On the Buried Cinema podcast I’m sometimes referred to as the curmudgeon. Little things about a movie get to me, reducing my enjoyment of an otherwise perfectly good film. When I watch a movie, I want to inhabit a world. By now, most people are aware of the ridiculous “Enhance!” device in films: the magic phrase that allows an agent to look down your shirt from space.
While there has thankfully been more of an awareness of how ridiculous this notion is in the last few years, it hasn’t kept films and T.V. shows from abusing the general public’s magical thinking when it comes to computer imagery. The real problem is that this little device reminds me that I am watching a movie, that none of the action really matters, and everything is going to be fine. When I am watching protagonists try to escape whatever problems they have gotten themselves into, I must feel the hero’s desperation. I need to want to find the McGuffin as much as she does. Anything that reminds me that that desperation isn’t real puts a dent in the film-watching experience. Too many dents, and I just lose interest. Movies where the climax depends on some discovery made through enhancing an image to reveal a hidden truth, such as Blade Runner and Enemy of the State, can fall apart because no amount of technology, no matter how futuristic, can make something from nothing.
While past films, such as the aforementioned, can be excused because the general public misunderstood so much of computing, there is no longer any excuse. The next time you see an “enhance” moment in a film or T.V. show, don’t sit there and let the writers insult you. Perhaps some screenwriters do believe in the omniscient powers of the Google, but I don’t want to live in their world. Here’s a little video of their work for you:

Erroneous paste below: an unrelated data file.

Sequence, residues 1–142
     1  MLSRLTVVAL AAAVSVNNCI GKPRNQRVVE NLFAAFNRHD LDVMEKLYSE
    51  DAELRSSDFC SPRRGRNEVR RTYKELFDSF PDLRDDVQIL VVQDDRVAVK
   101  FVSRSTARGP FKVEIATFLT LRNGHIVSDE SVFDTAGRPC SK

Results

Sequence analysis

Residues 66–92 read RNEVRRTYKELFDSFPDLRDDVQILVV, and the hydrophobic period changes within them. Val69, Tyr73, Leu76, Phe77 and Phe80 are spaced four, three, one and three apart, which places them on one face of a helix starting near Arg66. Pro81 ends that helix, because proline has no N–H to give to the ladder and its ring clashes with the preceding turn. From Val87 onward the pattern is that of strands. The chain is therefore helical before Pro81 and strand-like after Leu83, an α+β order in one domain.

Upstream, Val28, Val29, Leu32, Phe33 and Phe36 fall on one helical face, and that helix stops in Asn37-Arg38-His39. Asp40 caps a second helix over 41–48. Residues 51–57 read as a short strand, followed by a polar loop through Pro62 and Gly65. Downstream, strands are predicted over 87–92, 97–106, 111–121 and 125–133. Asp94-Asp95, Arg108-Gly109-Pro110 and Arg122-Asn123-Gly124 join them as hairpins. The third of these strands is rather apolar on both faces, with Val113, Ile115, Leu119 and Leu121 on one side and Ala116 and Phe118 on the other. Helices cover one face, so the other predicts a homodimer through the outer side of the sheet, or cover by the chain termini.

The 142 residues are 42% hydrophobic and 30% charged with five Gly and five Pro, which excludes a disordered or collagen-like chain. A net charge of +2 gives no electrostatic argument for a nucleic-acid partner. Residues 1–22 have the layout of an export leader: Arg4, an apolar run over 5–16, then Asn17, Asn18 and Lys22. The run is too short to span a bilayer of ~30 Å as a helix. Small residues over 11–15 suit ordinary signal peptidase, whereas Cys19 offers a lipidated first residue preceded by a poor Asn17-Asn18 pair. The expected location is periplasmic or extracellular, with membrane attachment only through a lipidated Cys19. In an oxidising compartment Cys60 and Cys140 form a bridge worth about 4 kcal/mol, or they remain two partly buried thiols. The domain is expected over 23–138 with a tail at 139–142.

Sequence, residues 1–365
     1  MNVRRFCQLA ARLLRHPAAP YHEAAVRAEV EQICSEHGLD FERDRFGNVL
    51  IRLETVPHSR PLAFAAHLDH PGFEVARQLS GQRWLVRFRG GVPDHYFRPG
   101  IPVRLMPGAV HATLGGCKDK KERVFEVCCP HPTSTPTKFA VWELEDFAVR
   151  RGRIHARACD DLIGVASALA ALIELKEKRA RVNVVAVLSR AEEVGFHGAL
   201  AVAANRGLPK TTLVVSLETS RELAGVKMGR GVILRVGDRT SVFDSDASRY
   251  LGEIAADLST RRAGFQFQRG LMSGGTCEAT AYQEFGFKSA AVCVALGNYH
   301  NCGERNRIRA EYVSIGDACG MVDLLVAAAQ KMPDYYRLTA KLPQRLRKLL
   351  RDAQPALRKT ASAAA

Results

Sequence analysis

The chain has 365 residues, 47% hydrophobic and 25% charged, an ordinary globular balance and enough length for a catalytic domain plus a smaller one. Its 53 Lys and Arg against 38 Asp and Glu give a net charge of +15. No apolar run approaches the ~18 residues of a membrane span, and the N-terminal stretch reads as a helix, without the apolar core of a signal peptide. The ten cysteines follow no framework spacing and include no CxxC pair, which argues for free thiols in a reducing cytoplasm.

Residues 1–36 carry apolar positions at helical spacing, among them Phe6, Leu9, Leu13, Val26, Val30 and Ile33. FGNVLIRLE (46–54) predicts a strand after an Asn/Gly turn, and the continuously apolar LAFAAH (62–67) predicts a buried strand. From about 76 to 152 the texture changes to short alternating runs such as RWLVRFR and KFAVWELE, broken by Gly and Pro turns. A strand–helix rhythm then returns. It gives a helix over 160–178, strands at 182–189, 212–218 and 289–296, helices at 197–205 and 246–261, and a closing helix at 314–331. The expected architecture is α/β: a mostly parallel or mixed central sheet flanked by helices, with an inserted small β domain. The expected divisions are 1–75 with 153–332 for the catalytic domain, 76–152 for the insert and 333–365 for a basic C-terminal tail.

In this series of brief articles I’m going to take a look at technological clichés and plot holes in a variety of films. While some are pervasive clichés that illustrate a fundamental lack of understanding on the part of filmmakers in general, occasionally, I will look at specific films to point out plot holes that could have been avoided had the writers stopped to think for a few seconds. I’m a computer geek, and these are the things that annoy me when I watch movies.
The worst cliche that has somehow become a film institution is the plot point when the protagonists must seek out the most brilliant hacker in the world, and they find him still living in his mom’s basement. I say “his” because filmmakers can’t seem to accept women as computer scientists, so in their films girls rarely know how to operate a computer, despite the historical fact that the first computer programmer was a woman. Live Free or Die Hard, Enemy of the State, even as far back as Hackers–writers seem to confuse an ability to operate the command line with brilliance. This unemployed, Cheetos-dusted typist who can change directories from the terminal is smarter than all of the CIA, FBI, and Cyber-Military combined. Yet, he or she can’t seem to find a job or even be bothered to bathe. The reality is that a 25-year-old kid still living in his mom’s basement actually spends 90% of his time arguing with 12-year-olds in Call of Duty, and if he is a decent programmer, he is making enough money with a spambot to afford his own place. Of course, the movies think they are modeling Steve Jobs and Mark Zuckerberg types, but neither of these people were brilliant hackers. They were decent programmers with a nose for business. Rarely does brilliance coincide with a good business mind, which is why people like this are so successful, not because they kept their brilliant hacker mind out of the spotlight. What irritates me about this stereotype is that it completely undercuts all the hard work that it takes to do anything worthwhile with a computer.
I’ll leave you with XKCD’s summing up of the problem: